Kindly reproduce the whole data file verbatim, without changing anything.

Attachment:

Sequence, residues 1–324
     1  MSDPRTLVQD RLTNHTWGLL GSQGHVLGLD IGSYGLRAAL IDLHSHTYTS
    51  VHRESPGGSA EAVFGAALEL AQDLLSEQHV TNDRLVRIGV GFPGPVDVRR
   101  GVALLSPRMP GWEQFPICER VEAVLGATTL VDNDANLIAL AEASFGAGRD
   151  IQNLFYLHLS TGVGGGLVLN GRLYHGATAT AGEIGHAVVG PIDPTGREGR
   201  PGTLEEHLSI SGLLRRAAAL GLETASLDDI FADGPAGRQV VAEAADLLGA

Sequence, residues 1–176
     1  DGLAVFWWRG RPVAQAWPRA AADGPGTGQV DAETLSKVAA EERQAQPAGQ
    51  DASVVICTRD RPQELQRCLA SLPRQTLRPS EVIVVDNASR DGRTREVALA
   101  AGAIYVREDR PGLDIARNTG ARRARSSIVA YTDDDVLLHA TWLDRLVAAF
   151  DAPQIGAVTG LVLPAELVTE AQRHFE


Sequence, residues 1–324
     1  MSDPRTLVQD RLTNHTWGLL GSQGHVLGLD IGSYGLRAAL IDLHSHTYTS
    51  VHRESPGGSA EAVFGAALEL AQDLLSEQHV TNDRLVRIGV GFPGPVDVRR
   101  GVALLSPRMP GWEQFPICER VEAVLGATTL VDNDANLIAL AEASFGAGRD
   151  IQNLFYLHLS TGVGGGLVLN GRLYHGATAT AGEIGHAVVG PIDPTGREGR
   201  PGTLEEHLSI SGLLRRAAAL GLETASLDDI FADGPAGRQV VAEAADLLGA

Sequence, residues 1–176
     1  DGLAVFWWRG RPVAQAWPRA AADGPGTGQV DAETLSKVAA EERQAQPAGQ
    51  DASVVICTRD RPQELQRCLA SLPRQTLRPS EVIVVDNASR DGRTREVALA
   101  AGAIYVREDR PGLDIARNTG ARRARSSIVA YTDDDVLLHA TWLDRLVAAF
   151  DAPQIGAVTG LVLPAELVTE AQRHFE